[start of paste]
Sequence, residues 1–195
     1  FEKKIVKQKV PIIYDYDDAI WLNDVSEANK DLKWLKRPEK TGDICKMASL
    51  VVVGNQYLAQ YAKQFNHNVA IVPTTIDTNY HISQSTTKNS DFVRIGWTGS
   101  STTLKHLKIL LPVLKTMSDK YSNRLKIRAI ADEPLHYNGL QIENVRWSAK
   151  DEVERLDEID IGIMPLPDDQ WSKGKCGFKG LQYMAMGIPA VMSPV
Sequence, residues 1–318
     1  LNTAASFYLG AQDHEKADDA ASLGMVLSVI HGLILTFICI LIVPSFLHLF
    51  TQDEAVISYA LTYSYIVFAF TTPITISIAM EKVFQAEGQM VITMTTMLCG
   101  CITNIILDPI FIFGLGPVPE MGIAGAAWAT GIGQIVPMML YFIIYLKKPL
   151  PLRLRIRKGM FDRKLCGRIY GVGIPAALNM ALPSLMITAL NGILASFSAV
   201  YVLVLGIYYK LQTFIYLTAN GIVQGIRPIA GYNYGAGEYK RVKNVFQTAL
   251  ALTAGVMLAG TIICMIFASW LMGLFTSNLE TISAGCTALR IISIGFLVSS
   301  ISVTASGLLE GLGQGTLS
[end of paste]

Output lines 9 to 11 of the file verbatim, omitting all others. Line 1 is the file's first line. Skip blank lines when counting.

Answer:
   101  CITNIILDPI FIFGLGPVPE MGIAGAAWAT GIGQIVPMML YFIIYLKKPL
   151  PLRLRIRKGM FDRKLCGRIY GVGIPAALNM ALPSLMITAL NGILASFSAV
   201  YVLVLGIYYK LQTFIYLTAN GIVQGIRPIA GYNYGAGEYK RVKNVFQTAL